Hollywood Video building brings

by Michelle Moriarity

The October arrival of Hollywood Video brought a brand new building, rejuvenated business and several disenchanted residents to a Dinkytown neighborhood near you.
Many local business owners are pleased that the store, located at the intersection of Fifth Street Southeast and 14th Avenue Southeast, has brought more clientele into the Dinkytown business district, which withered due to road construction during the past several years.
But members of the Marcy-Holmes Neighborhood Association were surprised to find the drawings they approved in April for the structure were different from the design that materialized this summer.
Association president Ted Tucker said when Hollywood Video owner Irv Hershkovitz approached the neighborhood with plans for a video store, blueprints called for an all-brick facade. Tucker said he suggested improvements for the design, but agreed the plans would best complement existing shops in the area.
“What we wanted is to have Hollywood Video fit into the parts of Dinkytown we like best,” Tucker said. “Then when it got built, there was no brick there.”
What Tucker found was a building with two sides composed of cream-colored stucco. The remaining two sides have red brick on the lower portions of the walls complemented by stucco and neon signs on the top halves.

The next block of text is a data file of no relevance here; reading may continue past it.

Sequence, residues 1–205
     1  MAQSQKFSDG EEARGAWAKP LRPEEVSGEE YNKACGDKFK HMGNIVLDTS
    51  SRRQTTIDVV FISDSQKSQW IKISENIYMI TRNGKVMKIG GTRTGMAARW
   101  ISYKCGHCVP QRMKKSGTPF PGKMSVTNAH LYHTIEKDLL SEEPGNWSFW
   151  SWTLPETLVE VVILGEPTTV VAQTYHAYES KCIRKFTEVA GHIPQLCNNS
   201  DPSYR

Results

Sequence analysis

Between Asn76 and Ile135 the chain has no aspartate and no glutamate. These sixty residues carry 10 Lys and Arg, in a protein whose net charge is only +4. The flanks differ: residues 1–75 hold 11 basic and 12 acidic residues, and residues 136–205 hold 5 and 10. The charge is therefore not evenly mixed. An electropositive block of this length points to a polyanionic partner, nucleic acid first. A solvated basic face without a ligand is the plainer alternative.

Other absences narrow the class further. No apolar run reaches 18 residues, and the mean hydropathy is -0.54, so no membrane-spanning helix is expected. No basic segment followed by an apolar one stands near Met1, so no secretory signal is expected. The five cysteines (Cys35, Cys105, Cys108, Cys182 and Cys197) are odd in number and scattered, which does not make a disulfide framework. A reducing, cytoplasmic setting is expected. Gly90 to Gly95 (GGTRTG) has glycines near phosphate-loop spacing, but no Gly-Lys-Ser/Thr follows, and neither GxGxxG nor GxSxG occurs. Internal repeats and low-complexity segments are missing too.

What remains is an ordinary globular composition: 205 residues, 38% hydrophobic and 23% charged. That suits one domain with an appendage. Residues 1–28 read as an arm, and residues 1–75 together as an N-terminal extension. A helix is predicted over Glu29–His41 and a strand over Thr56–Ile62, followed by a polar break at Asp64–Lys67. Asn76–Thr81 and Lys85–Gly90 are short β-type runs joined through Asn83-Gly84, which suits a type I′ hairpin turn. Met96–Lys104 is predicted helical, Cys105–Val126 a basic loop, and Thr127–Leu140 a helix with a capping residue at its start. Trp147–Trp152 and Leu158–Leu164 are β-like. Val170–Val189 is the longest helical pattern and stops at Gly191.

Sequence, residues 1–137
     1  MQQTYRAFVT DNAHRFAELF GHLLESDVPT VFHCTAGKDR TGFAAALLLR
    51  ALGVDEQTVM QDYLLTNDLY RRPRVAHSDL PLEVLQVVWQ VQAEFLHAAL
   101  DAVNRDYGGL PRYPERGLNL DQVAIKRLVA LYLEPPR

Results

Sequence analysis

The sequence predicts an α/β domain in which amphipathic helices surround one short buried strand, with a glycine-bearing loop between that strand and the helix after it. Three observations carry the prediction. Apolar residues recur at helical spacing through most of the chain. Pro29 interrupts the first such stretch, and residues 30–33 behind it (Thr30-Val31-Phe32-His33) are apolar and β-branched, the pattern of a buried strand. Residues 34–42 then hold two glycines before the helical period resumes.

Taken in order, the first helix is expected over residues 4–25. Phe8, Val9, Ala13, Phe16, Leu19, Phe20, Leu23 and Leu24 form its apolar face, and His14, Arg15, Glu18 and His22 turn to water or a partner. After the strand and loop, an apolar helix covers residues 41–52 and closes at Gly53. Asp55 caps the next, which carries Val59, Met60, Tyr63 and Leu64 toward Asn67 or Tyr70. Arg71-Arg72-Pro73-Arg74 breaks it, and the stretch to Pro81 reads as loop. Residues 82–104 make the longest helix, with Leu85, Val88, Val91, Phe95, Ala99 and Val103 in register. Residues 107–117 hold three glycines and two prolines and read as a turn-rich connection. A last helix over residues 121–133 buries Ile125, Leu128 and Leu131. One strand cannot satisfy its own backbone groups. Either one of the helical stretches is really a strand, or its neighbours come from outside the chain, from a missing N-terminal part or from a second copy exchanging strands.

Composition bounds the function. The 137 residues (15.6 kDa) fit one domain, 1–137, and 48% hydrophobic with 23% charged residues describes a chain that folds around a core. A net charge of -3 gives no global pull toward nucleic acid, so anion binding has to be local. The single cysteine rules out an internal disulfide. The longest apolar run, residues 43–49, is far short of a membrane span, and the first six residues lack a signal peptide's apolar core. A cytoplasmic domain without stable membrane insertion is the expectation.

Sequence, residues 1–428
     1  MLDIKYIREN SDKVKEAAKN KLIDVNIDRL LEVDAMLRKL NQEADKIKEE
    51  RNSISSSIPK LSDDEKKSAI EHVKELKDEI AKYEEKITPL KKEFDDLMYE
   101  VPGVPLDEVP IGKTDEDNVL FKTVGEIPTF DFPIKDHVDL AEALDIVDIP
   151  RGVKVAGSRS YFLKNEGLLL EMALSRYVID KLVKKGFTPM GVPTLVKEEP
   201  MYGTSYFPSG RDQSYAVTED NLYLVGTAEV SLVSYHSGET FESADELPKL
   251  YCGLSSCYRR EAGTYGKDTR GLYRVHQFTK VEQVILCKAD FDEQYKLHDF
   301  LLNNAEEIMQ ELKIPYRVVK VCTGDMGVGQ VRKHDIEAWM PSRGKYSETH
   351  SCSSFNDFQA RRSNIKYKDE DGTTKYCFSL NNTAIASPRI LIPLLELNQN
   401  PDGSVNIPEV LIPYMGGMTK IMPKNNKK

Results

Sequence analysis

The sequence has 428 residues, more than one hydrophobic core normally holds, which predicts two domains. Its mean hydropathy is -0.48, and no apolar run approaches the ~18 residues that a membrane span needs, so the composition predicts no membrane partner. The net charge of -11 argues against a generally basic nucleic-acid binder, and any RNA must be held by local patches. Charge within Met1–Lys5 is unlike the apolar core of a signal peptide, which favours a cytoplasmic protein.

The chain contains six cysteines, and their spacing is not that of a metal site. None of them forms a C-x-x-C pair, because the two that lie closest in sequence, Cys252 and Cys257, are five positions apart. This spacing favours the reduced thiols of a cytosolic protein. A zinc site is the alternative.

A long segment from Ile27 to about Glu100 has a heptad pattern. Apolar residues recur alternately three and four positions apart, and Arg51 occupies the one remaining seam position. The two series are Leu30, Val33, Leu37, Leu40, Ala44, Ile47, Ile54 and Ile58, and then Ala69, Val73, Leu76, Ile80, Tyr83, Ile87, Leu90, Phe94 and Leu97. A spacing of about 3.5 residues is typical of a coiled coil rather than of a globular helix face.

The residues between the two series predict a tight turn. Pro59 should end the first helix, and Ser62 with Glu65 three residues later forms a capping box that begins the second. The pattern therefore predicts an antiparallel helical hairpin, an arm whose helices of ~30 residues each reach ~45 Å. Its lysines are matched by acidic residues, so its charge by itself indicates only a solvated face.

The neighborhood association drafted a complaint to Hershkovitz expressing its dismay towards the changes.
Because the association only serves as an advisory body to such decision-making bodies as the city council, Hershkovitz is not legally required to respond to the complaint.
However, association member Melissa Bean said that this incident will affect the organization’s relationships with businesses wanting to move into Dinkytown in the future. “From now on we’ll be a little more wary,” she said.
But Hershkovitz, who said he also was unaware of the changes the developer made in the design, said he intends to work with the association to find a resolution.
Hershkovitz declined to identify the developer Hollywood Video contracted to build on the property.
In spite of neighborhood complaints, Hershkovitz and other business owners agreed that the business is a welcome addition to the community.
“Thus far, everybody is pleased that a lot more traffic is going through Dinkytown,” said Dan Zielski, president of the Dinkytown Business Association.
Not everybody is pleased about the aesthetic appeal of the new store.
Jessica Sanderson, who lives across the street from Hollywood Video, said she thinks the structure is ridiculous and overdone.
“It really just takes away from the atmosphere,” said the junior economics major. “It just makes the neighborhood look a lot cheesier.”
Other local residents have commented on the bright neon signs that grace two sides of the building. Standard sign ordinances in Minneapolis enforce strict limitations of sizes and quantities of retail signs.
But Dinkytown’s zoning provides an easement for such businesses as Hollywood Video: standard sign sizes are waived for businesses serving more than the immediate surrounding community.
“What they’ve got there is allowed,” said Minneapolis zoning inspector Steve Poor, “but it’s a lot.”